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Borderline compliment

Borderline compliment

Vietnamese soldiers block a group of Sam Rainsy Party members who were trying to visit a controversial border marker in Kampong Cham province’s Memot district in December 2010.

Exiled opposition leader Sam Rainsy, a long-time and vociferous opponent of the ruling party’s relationship with Vietnam, has written to Prime Minister Hun Sen, praising the premier for his work on demarcating the contentious Cambodia-Vietnam border in Svay Rieng province.

The shock letter of praise obtained by the Post yesterday was originally sent by Sam Rainsy to Hun Sen on December 26. “I would like to express my support to the Royal Government for taking a proper stance on defending the territorial integrity of Cambodia,” Sam Rainsy wrote. “Please [Hun Sen] believe that all Khmer patriots would surely join forces completely with the Royal Government … in an effort to find an appropriate resolution to the border demarcation.”

In his letter, Sam Rainsy also wished his political rival a happy new year and sent well wishes to the prime minister’s family.

There are long-standing bitter relations between the two party leaders, who take opposing political stances toward Vietnam.

Hun Sen’s Cambodian People’s Party was initially brought into power with the backing of Vietnam in 1979 when Cambodian and Vietnamese coalition forces ousted the Khmer Rouge from Phnom Penh. The CPP and the premier are quick to praise the “friendship” of Vietnam, an ally they view as “liberating” Cambodia from the Khmer Rouge.

Sam Rainsy and his eponymous party conversely see Vietnam as a predator that “occupied” Cambodia and continues to encroach on the Kingdom’s territory. In 2009, Sam Rainsy was sentenced by Phnom Penh Municipal Court to two years in prison after he uprooted boundary marker 185, which he claimed was incorrectly placed in the middle of a rice paddy in Cambodian territory.

In a letter to Sam Rainsy Party parliamentarians on December 2, Hun Sen said the Cambodia-Vietnam border in Svay Rieng has yet to be defined “in a suitable and acceptable manner” and that the Cambodia-Vietnam commission working to define the border was “continuing to negotiate the position of [the border] markers and others over which agreement is need in the future”.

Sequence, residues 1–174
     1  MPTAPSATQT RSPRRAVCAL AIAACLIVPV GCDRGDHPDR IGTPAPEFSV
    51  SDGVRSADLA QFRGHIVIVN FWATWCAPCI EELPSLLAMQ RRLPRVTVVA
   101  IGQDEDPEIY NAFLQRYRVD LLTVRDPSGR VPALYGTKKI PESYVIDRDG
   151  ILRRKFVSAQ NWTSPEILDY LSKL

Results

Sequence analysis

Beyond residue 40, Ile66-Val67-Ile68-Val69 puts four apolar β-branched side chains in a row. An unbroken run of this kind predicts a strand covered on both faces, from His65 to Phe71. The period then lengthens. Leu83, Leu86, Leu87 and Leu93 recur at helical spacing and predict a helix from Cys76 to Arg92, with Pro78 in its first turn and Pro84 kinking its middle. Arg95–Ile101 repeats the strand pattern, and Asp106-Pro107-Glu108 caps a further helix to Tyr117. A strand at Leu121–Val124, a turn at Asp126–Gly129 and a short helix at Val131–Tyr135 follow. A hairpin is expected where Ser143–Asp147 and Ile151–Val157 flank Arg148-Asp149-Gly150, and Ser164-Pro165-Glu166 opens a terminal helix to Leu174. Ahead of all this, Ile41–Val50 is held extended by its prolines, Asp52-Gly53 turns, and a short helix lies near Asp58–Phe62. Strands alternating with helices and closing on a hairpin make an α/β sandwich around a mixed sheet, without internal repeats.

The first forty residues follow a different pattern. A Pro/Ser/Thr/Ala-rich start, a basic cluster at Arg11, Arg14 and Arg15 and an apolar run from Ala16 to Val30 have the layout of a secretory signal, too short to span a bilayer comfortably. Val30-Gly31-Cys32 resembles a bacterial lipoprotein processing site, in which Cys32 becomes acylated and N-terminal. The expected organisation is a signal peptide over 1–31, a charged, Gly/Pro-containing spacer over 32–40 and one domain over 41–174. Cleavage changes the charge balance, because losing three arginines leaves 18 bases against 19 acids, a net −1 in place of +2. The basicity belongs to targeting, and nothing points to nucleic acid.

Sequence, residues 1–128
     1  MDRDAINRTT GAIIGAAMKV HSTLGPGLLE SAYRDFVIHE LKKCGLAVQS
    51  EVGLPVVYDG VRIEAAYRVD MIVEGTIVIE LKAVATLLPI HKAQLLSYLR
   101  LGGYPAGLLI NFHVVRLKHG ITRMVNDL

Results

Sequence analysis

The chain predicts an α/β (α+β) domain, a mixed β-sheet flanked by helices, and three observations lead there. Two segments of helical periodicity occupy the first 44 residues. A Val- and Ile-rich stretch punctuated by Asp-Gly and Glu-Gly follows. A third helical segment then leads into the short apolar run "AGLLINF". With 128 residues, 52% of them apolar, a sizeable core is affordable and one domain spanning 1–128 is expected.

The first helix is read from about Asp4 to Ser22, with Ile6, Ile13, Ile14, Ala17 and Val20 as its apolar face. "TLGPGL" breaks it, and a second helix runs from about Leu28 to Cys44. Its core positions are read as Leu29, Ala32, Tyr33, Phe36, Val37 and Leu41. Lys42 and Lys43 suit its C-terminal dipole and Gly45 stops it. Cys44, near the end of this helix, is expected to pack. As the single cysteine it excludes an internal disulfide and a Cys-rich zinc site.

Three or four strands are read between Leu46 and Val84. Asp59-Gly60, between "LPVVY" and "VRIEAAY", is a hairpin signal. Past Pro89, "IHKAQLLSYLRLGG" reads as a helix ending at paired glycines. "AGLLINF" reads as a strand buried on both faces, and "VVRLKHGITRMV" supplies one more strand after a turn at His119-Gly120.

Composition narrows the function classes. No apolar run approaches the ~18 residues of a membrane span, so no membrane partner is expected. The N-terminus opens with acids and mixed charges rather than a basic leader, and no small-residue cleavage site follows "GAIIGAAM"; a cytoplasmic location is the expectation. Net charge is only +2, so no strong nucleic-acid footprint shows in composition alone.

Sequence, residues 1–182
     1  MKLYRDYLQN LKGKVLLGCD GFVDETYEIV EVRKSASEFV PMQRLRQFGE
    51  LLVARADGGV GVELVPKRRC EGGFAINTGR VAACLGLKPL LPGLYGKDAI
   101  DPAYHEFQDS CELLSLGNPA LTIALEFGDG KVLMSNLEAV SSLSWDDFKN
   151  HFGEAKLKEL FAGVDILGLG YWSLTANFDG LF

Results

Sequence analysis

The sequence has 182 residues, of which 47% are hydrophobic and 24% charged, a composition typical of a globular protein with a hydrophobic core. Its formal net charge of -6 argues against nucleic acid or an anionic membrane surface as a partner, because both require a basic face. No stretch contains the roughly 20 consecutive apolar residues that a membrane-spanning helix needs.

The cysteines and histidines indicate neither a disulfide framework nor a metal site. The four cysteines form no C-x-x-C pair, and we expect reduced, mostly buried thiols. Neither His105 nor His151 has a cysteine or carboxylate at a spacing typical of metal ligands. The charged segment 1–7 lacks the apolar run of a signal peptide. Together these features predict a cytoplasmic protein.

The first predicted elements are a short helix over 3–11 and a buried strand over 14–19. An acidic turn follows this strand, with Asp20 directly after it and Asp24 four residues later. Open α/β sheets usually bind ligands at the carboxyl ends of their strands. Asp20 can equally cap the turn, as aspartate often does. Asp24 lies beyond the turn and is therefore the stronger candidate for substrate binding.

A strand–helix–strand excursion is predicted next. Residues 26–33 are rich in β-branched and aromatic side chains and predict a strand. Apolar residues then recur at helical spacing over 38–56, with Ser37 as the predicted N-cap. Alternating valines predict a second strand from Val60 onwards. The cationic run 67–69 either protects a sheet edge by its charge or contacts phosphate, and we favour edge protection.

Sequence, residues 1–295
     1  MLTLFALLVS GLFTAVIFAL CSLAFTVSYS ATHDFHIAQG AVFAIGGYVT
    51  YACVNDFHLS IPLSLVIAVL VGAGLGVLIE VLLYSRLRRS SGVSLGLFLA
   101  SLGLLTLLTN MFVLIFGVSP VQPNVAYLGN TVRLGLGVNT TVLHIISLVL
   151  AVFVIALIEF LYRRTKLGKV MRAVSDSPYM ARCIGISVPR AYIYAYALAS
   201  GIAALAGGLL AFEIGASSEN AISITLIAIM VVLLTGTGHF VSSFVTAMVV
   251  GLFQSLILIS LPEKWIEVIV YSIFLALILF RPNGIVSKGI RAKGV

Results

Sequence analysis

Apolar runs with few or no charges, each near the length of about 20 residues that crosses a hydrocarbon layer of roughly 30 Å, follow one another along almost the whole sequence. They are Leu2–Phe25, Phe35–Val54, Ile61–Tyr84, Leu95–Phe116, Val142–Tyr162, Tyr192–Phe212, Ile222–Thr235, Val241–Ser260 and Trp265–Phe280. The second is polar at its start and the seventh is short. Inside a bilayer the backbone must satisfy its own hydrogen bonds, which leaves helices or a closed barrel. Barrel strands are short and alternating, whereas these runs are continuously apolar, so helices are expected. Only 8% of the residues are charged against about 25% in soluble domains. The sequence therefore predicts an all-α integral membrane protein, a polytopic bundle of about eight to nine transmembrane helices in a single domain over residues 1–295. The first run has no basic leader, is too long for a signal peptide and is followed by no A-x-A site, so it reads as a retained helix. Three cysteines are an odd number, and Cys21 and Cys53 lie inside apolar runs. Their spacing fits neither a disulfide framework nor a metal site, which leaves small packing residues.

SRP parliamentarians, and the party’s leader, took this as evidence the charges against Sam Rainsy were baseless, as the border marker he had uprooted was not an official border post.

“It means that the marker post removed by Sam Rainsy in October 2009 is not a mistake of Sam Rainsy, and the government must drop a lawsuit against him to pave the way for him to return home for the upcoming election,” SRP spokesman Yim Sovann told the Post yesterday.

Senate and commune elections are scheduled to be held this year, with national elections scheduled for 2013.

Sam Rainsy now resides in France, where he fled to escape up to 10 years of incarceration in Cambodia for various convictions on what the 62-year-old politician sees as trumped-up charges.

Despite the letter of “support” to Hun Sen, Sam Rainsy’s tone flipped from cordial to caustic in an open statement published yesterday that was highly critical of the ruling CPP’s Victory over Genocide Day celebrations.

“There are only traitors or people who have sold themselves to traitors or people who have been duped by the traitors’ propaganda who celebrate January 7,” Sam Rainsy’s statement read.

The Council of Ministers’ Press and Quick Reaction Unit spokesman Ek Tha dismissed the criticisms of Sam Rainsy yesterday.

“This time praise, this time attack – it is his tactic, policital strategy,” Ek Tha said. “The 7 January victory over [the Khmer Rouge regime] is recognised by the world.”


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